Body definitely feeling the effects of the long stage today. Ankle is very swollen. Dr. Nancy diagnosed me with a left high ankle sprain and strained achilles and has it tightly wrapped in RWL blue for tomorrow. Cant put much weight on it at all. Thank God for the day off. Looks like I have a 1 minute 18 second lead over seventh position. Why does that always have to be the case? Was really hoping tomorrows stage would be a casual 9 mile stroll to the finish but that wouldnt be my style anyway. Gonna go out and do everything I can to hold onto the position but Johns been real strong this race and if the ankle becomes too painful Im shutting it down. No reason to risk major injury at this stage in the game.
Other than that all is great. Feel strong and healthy with no stomach issues. Overall this race has been run very well and the cooler temps and tremendous medical care has kept the dropouts and camp illnesses to a minimum. Great sense of pride - our tent had all ten of us finish. Thats a huge accomplishment and speaks to the comraderie, support and growing friendships between us. Id like to specifically recognize Tara Gaston, Sarah Lord and Geoff Heald for being absolute warriors and not giving up despite fighting through a number of injuries and foot problems over the course of the week.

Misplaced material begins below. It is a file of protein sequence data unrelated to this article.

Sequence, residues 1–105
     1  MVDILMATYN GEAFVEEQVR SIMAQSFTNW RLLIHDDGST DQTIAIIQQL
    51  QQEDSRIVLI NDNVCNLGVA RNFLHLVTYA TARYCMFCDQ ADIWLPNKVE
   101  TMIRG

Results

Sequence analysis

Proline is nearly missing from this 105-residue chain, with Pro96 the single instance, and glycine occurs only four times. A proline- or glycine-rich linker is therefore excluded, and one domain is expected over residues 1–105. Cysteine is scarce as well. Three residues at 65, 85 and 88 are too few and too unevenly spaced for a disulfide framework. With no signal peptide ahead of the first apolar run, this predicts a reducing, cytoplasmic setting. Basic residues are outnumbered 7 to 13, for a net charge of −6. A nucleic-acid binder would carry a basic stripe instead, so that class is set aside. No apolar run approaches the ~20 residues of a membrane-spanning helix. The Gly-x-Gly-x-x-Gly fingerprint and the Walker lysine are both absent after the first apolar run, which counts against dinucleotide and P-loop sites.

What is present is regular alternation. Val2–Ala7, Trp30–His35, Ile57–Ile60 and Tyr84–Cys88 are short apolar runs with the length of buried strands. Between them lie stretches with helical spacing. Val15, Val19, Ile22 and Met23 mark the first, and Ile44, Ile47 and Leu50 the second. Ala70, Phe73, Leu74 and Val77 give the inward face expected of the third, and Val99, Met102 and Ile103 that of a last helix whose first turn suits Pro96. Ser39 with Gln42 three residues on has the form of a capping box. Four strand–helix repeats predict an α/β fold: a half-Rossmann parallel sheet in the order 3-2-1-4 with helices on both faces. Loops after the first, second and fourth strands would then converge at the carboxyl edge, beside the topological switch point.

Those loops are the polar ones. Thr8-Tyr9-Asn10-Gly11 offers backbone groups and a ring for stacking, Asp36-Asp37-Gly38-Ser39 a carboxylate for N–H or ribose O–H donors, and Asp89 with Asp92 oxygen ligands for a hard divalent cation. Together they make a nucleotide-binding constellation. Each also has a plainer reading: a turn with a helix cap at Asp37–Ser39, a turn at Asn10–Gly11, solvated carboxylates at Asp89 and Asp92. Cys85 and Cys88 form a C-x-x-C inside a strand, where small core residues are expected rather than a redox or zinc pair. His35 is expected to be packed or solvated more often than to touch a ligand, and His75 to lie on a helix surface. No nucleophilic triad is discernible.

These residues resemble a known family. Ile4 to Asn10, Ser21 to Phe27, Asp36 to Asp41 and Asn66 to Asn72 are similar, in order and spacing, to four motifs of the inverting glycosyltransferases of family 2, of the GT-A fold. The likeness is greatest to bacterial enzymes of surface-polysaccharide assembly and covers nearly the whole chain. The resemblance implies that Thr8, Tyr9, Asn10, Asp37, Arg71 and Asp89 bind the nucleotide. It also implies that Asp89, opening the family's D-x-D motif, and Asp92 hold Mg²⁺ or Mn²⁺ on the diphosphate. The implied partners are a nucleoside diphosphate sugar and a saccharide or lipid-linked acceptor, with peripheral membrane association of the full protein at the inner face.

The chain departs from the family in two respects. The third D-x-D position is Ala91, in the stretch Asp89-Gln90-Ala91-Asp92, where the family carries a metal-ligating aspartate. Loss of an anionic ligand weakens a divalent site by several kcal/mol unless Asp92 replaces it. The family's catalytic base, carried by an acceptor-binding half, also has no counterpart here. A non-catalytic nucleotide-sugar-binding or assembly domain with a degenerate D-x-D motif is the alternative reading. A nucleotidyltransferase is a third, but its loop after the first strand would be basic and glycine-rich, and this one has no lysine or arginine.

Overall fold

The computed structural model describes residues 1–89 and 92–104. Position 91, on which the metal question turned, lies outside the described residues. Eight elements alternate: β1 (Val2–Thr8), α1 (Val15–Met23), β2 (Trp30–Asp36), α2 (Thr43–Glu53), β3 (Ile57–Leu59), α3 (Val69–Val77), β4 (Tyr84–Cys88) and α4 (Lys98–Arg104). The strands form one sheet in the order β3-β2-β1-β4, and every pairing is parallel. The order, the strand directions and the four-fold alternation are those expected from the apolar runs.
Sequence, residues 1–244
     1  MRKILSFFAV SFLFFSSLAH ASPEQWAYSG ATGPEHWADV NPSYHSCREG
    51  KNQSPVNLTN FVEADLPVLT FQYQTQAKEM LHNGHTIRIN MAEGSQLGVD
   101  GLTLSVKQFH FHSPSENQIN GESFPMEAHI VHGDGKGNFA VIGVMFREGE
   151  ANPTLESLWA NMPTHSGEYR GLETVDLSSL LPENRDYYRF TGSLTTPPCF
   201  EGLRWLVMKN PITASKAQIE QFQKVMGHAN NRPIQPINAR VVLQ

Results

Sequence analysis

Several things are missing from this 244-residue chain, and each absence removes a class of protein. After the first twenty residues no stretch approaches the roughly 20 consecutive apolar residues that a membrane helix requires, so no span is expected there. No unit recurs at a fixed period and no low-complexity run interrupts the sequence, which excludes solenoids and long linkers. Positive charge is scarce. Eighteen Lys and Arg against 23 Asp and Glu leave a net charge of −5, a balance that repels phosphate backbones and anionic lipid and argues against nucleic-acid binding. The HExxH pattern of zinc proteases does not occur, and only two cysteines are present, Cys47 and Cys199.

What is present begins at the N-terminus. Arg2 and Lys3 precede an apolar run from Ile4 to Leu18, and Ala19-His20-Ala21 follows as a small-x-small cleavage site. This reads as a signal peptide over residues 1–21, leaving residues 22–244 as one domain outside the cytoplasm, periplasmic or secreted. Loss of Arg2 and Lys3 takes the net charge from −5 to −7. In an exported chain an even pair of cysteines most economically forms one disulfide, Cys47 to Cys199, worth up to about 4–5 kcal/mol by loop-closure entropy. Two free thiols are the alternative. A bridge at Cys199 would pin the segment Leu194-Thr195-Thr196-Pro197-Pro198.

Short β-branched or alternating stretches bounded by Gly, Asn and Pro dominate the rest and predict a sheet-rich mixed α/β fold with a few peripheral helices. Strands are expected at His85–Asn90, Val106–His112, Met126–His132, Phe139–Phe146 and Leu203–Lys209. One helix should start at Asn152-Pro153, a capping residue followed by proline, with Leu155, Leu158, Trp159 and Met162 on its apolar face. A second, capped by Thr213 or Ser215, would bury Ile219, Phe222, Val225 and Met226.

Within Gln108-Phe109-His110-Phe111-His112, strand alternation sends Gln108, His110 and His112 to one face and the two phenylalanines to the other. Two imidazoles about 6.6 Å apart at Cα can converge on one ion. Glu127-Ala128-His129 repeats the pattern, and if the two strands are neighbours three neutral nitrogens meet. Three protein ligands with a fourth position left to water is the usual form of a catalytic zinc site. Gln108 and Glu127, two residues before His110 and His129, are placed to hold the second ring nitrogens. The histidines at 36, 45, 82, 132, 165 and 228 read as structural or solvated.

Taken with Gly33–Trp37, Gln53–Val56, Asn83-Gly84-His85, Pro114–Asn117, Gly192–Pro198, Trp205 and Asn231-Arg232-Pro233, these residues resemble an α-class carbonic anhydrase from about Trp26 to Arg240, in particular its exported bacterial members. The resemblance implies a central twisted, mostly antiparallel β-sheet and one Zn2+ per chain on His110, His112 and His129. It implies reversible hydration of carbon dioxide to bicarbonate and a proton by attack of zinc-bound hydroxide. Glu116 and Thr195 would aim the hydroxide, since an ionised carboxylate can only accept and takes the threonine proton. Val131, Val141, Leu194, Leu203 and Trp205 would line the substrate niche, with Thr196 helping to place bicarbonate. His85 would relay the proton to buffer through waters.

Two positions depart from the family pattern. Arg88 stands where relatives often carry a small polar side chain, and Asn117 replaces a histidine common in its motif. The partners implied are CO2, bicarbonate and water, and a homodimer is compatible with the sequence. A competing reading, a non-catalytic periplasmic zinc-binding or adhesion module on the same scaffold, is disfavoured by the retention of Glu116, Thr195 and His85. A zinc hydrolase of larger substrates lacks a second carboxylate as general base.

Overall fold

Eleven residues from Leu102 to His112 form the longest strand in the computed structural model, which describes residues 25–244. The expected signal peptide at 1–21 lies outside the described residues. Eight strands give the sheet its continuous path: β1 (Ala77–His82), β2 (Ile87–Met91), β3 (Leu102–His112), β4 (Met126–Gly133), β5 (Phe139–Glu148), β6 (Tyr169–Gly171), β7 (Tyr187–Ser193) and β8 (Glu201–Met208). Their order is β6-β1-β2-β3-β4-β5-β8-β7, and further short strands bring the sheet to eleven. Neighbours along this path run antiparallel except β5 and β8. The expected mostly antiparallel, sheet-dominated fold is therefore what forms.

Our camp today is set against a lush meadow of green sheep covered fields covered and amongst a number of billowing willow-esque trees. Looks like a portrait of Sherwood forest. Temperature is perfect and skies are clear. Guess you could say today is my official one day of R&R on this trip with lots of napping, stretching, chilling and dreaming of eating anything non-prepackaged or dehydrated. Would kill for a burger, a couple beers and a clean pair of shorts but we shall have to wait another 24 hours for that.
Just wanted to thank everyone one last time for your extraordinary support this week. So above and beyond. I cant say or stress that enough. No matter what it is in life...I think its incredible to see so many people from so many different walks of life and situations united behind a single cause. Theres nothing more powerful. At the same time we can always work harder and we can always do more. I feel extremely blessed to be a part of this special family...The MAGIC Family...and I look forward to continuing to do my small part to help advance the mission on behalf of the families (you) into the future.
What an amazing day on so many levels. The Long March is usually a mental chessmatch with a multitude of highs/lows and this one was no different. Day started off with a 2 hour bus ride to the starting line so we would begin the stage closer to the host town of Kashgar. While we all hated the idea of a mid-race busride earlier in the week it was a welcome opportunity to get some zzzzss outside our increasingly cold and smelly tent. Things kicked off at 10am local time with 75kms staring us in the face. My approach to this day never changes...break it down checkpoint by checkpoint (there were eight of them today) keep running keep running keep running and eventually youll get there.